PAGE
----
The closeness and distance of our relationships (which influences our trust) affects what we accept as true, too. As a social network scientist, Arbesman’s insights are valuable here, too. He notes that although we can have unlimited contacts in social media, our social ties seem limited to 150-200 people (a researched “fact” called Dunbar’s Number). And, amazingly, we can only have 4 really close relationships – more than that and the quality of intimacy declines. The important point here, is that our trust levels are related to the intensity of our social ties. This affects what we believe – and is a human tendency that we should be aware of because it affects our view of what is true and reliable.
What Does All This Mean for Us as Decision Makers and Learners?
Facts, knowledge, are the fuel for decisions and learning. In my new book, Unstoppable You: Adopt the New Learning 4.0 Mindset and Change Your Life, I suggest that today we all need to be smart users of information (one of the ten 4.0 Learner Qualities). As part of this, it’s important to understand what constitutes facts/knowledge. Arbesman helps us here.
I’d like to highlight some of the implications and suggest that you get his book, The Half Life of Facts” Why Everything We Know Has an Expiration Date. Here are the highlight implications for you as a decision-maker and learner:
- Expect “facts” to change – but be wary of making up your own facts. They do change – based on new discoveries, new ways of measuring them. But this doesn’t mean you can change them at whim or because they are inconvenient or don’t fit your embedded view of what is “normal” or how the world “should” be.
- Know the rate of change of knowledge in important areas of your work and life. Facts/knowledge in some fields change faster than others. The rate of change is described in terms of “half-life”—the amount of time it takes for 50% of the knowledge in an area to become obsolete. Know the “half-life” of knowledge in your field (one estimate for engineering is 10 years, for example). It will tell you how vital continual learning is to your ability to stay relevant.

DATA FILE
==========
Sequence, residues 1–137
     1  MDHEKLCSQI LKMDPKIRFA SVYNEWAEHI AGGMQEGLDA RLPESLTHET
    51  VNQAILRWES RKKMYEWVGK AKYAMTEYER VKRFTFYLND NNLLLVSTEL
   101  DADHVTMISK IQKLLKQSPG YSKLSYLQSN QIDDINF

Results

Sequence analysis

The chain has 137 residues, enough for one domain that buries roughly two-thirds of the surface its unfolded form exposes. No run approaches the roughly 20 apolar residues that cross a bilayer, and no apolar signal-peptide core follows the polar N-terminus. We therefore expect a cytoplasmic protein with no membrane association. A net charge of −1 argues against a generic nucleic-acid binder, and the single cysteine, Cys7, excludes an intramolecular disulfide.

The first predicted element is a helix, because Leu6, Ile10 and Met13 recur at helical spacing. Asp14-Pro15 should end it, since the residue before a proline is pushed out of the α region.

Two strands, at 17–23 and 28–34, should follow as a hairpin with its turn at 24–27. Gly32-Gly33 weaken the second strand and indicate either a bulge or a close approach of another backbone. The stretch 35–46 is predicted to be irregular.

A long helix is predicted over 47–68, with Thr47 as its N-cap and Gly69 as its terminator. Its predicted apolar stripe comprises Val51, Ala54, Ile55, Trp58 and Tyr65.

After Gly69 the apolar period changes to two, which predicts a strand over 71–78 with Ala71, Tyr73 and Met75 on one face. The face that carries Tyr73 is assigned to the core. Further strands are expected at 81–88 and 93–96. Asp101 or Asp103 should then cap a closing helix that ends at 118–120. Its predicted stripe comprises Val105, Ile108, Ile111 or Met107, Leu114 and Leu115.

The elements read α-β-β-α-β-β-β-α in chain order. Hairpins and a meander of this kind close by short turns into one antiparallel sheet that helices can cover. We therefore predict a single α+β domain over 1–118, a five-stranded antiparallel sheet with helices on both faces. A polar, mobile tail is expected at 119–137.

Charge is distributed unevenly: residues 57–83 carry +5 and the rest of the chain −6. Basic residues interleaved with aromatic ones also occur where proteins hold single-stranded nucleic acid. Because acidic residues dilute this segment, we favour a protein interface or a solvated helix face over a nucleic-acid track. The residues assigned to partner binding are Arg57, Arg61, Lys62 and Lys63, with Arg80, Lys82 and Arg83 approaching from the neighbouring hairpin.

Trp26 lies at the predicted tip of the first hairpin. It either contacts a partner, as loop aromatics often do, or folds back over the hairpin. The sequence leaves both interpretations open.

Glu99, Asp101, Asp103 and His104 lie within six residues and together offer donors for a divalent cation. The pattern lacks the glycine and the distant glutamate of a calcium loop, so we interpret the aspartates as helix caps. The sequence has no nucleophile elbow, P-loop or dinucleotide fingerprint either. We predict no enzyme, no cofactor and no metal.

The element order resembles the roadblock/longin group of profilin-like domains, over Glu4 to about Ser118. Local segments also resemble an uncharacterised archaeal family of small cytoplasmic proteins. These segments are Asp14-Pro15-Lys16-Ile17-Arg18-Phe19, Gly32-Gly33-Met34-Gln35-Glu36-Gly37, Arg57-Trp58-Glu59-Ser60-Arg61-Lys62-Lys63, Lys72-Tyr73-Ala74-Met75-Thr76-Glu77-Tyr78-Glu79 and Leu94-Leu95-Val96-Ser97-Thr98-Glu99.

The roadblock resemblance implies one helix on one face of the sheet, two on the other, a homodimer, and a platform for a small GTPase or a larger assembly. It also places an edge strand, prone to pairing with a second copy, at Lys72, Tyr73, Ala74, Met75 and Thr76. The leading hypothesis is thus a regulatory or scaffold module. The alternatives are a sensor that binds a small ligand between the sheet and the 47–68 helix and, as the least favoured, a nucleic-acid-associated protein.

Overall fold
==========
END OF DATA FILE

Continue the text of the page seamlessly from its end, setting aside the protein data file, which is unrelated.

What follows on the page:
- Be alert to the assumptions that underlie what you say and do. Some opinions you hold may be based on “facts” that are of date.
- Continually renew and revalidate your knowledge in any area. Start by being aware of the half-life of facts in your field. This tells you how fast change will occur and how quickly you will have to adapt. Recognize that changes (expansions, refinements, new perspectives, etc.) in knowledge are happening at increasingly faster rates because of the internet, communications and social media, global travel, the removal of knowledge sharing barriers due to electronic language translators, big data discoveries of knowledge patterns hidden in lots of data, etc.)
- Be careful about the information and conclusions you believe and spread. Even though your views may be “facts” to you, they can be misinformation in the world at large. What you say may be picked up by your friends, spread on social media, and take on a life of its own. Share your thoughts as your perspective, experience, opinions, conclusions and desires not “facts.” And watch your logic. Present specific events and stories as unique events, not truths about the world at large. If you ever studied logic, you would know that the following statement is faulty reasoning: “Animal x is a rabbit. Animal x is bad. Therefore, all rabbits are bad.” You know this is ridiculous, but this type of thinking is very common in our conversations and media today.
- Seek the truth in all you do. Be curious. Be aware of your assumptions and comfort zone. Ask questions and be ready to stand firm when you think the facts warrant it, and to change your mind when they don’t. As a 4.0 learner, you are entitled to your opinions and beliefs, but you are also a scientist seeking a more accurate view of what is going on and how you can use new knowledge to change your life and add value in the world around you. That’s what 4.0 learning is all about.
Pat McLagan’s new book launches on 23 May 2017. Unstoppable You: Adopt the New Learning 4.0 Mindset and Change Your Life.